I’ve had an article idea that I’ve put on the back burner for the last few years. With every passing week and month that I don’t write the article, it gets harder to write. Which means there’s a good chance I’ll just be lame and never do it.
Here’s the idea: ranking every single trade that the San Francisco Giants have made since Farhan Zaidi took over as President of Baseball Operations more than four years ago.
I’ll have to dive deeper before I can figure out what the list looks like, but I don’t think I need to put spoiler tags over this: the trade for J.D. Davis will be near the top of it.
It always hurts to say goodbye to a fan favorite, but the trade was do-a-double-take-because-that-can’t-be-right good. The Giants traded an all-offense, no-defense platoon player in Darin Ruf, and in return they received a better all-offense, no-defense non-platoon player who happened to be younger and have more team control. As a thank you for ripping them off, the Mets sent three highly-intriguing pitching prospects to the Giants.
The Giants went to the restaurant, saw the misprinted menu that was selling a dozen wings for $1.69, ordered them, and then got tipped by the waiter as thanks.
As a result, the Giants now employ one (1) J.D. Davis, a sneakily excellent offensive player.
Between injuries and his glove, which is best characterized as an infielders mitt doing its best Joc Pederson impression, Davis hasn’t always been an everyday player. But since establishing himself as a quality big leaguer in 2019, his wRC+ of 127 is 41st in the Majors among players with at least 1,000 plate appearances, ahead of names such as Nolan Arenado, Kris Bryant, Max Muncy, J.D. Martinez, and Anthony Rizzo.
But it gets better! Davis is the anti-Giant, which is to say he doesn’t have platoon splits. We’ve grown so accustomed to the Giants only giving certain starts to certain players — for good reason, I might add, if you’ve ever watched Pederson or LaMonte Wade Jr. attempt to hack at a breaking ball from a lefty — that we’ve forgotten that some people can hit both sides. Davis is some people.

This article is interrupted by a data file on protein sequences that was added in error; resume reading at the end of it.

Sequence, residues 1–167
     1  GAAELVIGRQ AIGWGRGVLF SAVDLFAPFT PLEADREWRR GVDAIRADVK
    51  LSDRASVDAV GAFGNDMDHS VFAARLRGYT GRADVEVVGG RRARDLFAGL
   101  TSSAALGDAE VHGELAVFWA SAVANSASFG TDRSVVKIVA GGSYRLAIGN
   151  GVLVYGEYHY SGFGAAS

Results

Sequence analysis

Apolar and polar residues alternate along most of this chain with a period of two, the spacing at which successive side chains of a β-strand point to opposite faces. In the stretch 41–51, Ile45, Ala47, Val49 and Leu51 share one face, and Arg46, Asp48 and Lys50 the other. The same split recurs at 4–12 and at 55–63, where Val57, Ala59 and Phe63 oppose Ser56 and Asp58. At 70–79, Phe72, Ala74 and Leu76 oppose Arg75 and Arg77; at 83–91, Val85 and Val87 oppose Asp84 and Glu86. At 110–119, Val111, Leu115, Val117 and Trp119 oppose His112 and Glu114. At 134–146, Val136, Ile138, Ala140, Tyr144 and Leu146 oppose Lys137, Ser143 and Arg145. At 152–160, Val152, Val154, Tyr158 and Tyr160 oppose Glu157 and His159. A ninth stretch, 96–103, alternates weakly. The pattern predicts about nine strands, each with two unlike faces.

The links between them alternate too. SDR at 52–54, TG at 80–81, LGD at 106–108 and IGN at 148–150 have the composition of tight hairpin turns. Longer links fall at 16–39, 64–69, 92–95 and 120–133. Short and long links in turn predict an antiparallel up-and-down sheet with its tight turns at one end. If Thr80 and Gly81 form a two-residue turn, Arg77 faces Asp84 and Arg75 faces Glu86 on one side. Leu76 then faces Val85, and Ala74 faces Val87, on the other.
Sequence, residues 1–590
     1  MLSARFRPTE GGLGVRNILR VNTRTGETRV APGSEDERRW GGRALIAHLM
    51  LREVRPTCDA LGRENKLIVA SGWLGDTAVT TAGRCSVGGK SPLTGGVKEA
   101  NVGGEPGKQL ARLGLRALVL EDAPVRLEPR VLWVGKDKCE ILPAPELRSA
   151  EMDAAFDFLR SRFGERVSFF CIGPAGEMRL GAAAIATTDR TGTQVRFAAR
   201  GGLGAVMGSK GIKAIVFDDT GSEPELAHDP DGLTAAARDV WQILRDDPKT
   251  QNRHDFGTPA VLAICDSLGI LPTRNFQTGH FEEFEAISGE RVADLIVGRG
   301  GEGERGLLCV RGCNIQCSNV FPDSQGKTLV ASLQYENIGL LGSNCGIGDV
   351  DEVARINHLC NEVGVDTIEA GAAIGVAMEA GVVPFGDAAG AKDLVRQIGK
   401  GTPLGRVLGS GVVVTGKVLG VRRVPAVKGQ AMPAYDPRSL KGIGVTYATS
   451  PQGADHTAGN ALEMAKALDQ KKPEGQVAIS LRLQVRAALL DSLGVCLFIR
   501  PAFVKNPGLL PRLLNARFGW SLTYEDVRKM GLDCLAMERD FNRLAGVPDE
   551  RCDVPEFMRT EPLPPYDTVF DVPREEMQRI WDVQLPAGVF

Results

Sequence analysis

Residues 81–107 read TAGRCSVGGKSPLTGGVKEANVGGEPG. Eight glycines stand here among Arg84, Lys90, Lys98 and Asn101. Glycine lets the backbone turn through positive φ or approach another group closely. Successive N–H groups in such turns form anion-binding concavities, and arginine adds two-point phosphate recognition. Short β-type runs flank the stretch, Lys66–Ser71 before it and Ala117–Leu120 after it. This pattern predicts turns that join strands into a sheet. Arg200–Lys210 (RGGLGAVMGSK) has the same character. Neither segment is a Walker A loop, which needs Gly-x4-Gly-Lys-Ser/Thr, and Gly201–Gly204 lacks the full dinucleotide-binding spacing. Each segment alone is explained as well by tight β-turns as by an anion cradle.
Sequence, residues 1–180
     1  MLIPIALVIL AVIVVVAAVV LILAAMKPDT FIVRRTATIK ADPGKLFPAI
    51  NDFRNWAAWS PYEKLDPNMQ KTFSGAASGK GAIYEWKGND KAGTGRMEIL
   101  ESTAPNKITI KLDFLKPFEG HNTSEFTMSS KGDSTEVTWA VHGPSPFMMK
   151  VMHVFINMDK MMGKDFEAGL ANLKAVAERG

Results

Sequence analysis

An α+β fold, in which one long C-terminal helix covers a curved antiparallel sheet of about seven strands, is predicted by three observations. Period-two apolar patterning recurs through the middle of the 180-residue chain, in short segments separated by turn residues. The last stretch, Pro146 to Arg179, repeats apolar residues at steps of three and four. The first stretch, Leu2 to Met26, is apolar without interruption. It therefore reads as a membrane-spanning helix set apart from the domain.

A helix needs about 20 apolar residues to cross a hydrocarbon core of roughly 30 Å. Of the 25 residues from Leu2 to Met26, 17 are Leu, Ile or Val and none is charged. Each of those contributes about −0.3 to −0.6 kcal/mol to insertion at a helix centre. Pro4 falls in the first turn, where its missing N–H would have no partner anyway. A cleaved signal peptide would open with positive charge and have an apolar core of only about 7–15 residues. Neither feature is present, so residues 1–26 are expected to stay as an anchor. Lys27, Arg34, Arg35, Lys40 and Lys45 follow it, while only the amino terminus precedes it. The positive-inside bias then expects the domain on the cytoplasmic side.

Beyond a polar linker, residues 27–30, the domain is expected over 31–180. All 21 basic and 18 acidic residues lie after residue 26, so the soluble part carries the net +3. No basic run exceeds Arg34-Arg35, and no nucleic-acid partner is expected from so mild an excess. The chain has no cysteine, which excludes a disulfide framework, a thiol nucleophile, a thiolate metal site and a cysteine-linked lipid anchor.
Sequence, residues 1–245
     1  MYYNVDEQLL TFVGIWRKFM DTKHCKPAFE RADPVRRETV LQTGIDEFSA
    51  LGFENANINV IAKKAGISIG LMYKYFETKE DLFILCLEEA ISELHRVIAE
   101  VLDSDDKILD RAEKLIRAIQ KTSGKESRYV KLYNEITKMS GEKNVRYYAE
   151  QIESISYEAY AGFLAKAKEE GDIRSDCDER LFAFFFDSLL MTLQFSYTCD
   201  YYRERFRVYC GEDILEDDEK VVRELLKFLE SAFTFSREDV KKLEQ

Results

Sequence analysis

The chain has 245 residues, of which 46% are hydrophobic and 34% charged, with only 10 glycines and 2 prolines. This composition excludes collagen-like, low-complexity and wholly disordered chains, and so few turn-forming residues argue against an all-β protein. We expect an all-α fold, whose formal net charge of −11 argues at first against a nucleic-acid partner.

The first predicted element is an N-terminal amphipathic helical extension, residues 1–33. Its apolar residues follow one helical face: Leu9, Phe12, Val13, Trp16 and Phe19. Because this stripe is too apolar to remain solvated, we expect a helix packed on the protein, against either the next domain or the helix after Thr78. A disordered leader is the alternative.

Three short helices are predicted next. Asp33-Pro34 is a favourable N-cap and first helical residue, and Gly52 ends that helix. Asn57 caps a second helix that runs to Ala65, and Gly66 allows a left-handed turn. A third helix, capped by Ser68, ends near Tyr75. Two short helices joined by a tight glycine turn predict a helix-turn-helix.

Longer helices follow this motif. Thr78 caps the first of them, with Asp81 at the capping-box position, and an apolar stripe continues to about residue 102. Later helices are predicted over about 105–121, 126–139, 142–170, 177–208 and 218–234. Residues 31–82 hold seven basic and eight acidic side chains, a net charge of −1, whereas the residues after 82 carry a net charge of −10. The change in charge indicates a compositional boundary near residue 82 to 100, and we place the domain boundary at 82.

Here are his career batting lines against the two handednesses (not a word, don’t care).
.260/.352/.440, .792 OPS, .180 ISO, 11.6% walk rate, 27.1% strikeout rate, 120 wRC+
.269/.349/.438, .787 OPS, .170 ISO, 9.3% walk rate, 27.3% strikeout rate, 118 wRC+
I didn’t even tell you which line correlates with which arm, because it doesn’t matter. Those are the same player. Almost the exact same player.
The point is that on any given day, Davis will be one of the Giants best hitters. If you build your lineup each game by assembling the six best hitters you have, and filling in the gaps as best you can, then Davis should be a lineup staple every time a lefty is on the mound and every time a righty is on the mound, too.
But where? And how?
The at-bats against lefties are easy to find. Pederson and Wade will occupy designated hitter and first base (probably respectively, but who knows) when righties are on the mound, and they’ll be locked in a basement 75 feet below Oracle Park when lefties are. Davis and Wilmer Flores will handle those positions when southpaws take the mound.
But less than 28% of the pitches thrown in 2022 were from lefties. Waiting around to hit lefties is a lonely game, as Austin Slater will be quick to tell you. Slater, however, struggles to hit righties ... the waiting game may be lonely for him, but it’s the only reality available.
It can’t be the only reality available for Davis, who last year hit righties significantly better than all but one of the left-handed hitters that are currently on the roster.
He has to play.
Yet Thairo Estrada, a revelation of an everyday player a year ago and a much better defensive player, seems to be earmarked as the everyday second baseman, despite struggling against right-handed pitchers. And David Villar, he of one of the most promising bats in the organization, is viewed as the incumbent at third base.
It’s fair to wonder if the Giants actually have a plan for what to do with Davis, or if they’ll just drop him about, figuring that injuries and rest days will open up enough opportunities for Davis to be a nearly everyday player. Which, truthfully, is a plan in and of itself, and not necessarily a bad one.
I’m breaking the first rule of writing, by not answering the question that I posed in the headline. I don’t know, exactly, what the plan is with J.D. Davis. All I know is that the Giants will be better when he’s playing, so they’d be wise to play him.